RUSH: This is particularly disturbing, because these young skulls full of mush, are cheering Algore when he said two things: “Corporations are not people” and “money is not speech.” Well, of course corporations are people. What is a corporation if it isn’t people? Now, let me attempt… By the way, Algore… Again, for those of you new here. Algore and his liberal ilk do not understand the basic laws of economics. Algore’s no different than Obama on economics. And you see what a mess the Democrats have made customers. How can Algore understand the basic laws of physics, basic laws of science, if he is essentially illiterate on matters of economics? These people are not wizards of smart. They do not have all the answers. They are wrong all the time.
Corporations are people. Let me talk about Apple again. Oh! And since I’m gonna talk about Apple, let me read to you the quotes of this community college guy. This in the New York Times piece on Apple Saturday. I talked about it in the previous hour where they get crucified by the New York Times (chuckles) for not paying their fair share in taxes. And it is a hit piece, and it’s filled with errors, commingling years of income versus taxes paid. They calculate taxes paid on incorrect years of income to come up with a lower percentage taxes paid. But Apple broke no law. They are totally within the bounds of the IRS tax code in everything they do tax wise. And so are all these other companies that are cited as doing the same things that Apple does.
One of the things, for example, that Apple does, domestic sales — not all — but the domestic sales of digital stuff like software downloads from their app stores or songs and TV shows and movies from the iTunes store. Those sales get recorded in Nevada. They’ve got a subsidiary set up in Nevada, and all the sales are recorded there. Apple has an office in Nevada. There’s no corporate tax in Nevada. They pay no corporate tax on the sale of digital products. And the New York Times is outraged. They’re livid over this. Because Apple’s not in Nevada; Apple’s in California. California ought to be getting a tax revenue, because California’s in deep trouble. Education is underfunded, and the state budget is underfunded.
At no point in this story — and I know it’s a story on taxes and corporations, but still, there’s not one reference to the irresponsible spending of governments here. Why is the state of California in trouble? It’s not because Apple’s doing anything. It’s not Apple’s fault. If the state were run like Apple is, everything would be hunky-dory. Apple’s not the guilty party. Microsoft isn’t the guilty party. Cisco’s not the guilty party. The guilty party are the state’s Democrats and whoever else. Republicans, too, if they’re engaged in this wild, irresponsible borrowing and spending. And the same thing at educational institutions. You don’t spend what you don’t have. And then when you do, and you rack up a big deficit, you blame it on yourself if you have any moral fiber. You don’t go blaming it on corporations that are doing their share.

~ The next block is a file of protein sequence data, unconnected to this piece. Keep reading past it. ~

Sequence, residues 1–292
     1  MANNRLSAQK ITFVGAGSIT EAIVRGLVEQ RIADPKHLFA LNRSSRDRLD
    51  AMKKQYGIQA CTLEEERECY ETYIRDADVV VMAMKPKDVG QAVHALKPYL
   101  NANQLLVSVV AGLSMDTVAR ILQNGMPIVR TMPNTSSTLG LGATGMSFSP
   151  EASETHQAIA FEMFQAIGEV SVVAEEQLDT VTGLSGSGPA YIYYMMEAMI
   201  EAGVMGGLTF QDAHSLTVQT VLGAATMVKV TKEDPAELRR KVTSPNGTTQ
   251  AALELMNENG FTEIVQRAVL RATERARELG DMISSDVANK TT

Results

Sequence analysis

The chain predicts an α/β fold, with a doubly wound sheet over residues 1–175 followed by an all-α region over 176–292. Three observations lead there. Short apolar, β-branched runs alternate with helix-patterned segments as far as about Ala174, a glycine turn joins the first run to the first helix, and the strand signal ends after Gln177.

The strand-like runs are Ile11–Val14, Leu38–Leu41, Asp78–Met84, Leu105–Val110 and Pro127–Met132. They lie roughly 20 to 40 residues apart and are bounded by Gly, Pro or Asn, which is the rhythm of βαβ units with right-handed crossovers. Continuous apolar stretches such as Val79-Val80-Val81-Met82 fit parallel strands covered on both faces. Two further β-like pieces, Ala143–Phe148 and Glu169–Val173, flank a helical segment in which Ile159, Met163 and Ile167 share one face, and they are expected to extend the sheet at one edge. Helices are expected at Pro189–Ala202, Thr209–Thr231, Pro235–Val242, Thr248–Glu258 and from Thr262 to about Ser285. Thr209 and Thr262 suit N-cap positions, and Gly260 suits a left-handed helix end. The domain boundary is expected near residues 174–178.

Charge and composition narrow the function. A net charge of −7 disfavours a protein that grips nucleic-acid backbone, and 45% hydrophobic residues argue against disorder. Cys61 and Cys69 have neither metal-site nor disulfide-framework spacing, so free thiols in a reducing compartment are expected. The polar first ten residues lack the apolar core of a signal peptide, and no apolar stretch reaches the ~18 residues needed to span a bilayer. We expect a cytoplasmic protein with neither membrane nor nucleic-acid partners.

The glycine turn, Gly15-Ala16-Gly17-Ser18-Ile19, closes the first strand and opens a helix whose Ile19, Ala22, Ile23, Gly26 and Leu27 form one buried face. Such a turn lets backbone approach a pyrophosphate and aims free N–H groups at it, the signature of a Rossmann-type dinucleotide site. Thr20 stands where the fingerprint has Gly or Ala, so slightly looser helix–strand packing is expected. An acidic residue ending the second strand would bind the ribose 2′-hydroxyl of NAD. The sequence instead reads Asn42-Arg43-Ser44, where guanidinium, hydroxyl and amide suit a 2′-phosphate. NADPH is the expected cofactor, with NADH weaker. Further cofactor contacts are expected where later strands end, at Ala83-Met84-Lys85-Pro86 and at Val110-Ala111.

Why does Apple, why do corporations want to spend as little on taxes as possible? I’ll tell you why. They want to be competitive with all the other corporations that are doing the same thing. They want to maximize shareholder value. They want to keep the price of their products low as they can so they can sell them. Everything a successful corporation does is oriented to two things: the stockholders and the customers. That’s who their bosses are. This New York Times piece and all the critics in it think the purpose of a corporation is to provide health care for the employees, free Wi-Fi for the community where the corporation is, and unlimited money for governments to spend irresponsibly. That’s what they think the purpose of a corporation is. And it’s not.
The purpose of a corporation is not to have jobs in the community. It’s not to have health care for people. That’s not why they exist. There isn’t one person that started a business because he thought his community needed jobs or because he thought people in his town needed health care. That’s not why people start businesses. Corporations are people. People work there. Stockholders own shares of stock. Who is it that’s paying these taxes? It’s people. Apple’s employees pay taxes. Apple pays withholding taxes. It’s absurd. I use that word a lot. It’s absurd to believe, as the New York Times wants, to think that corporations don’t pay their fair share.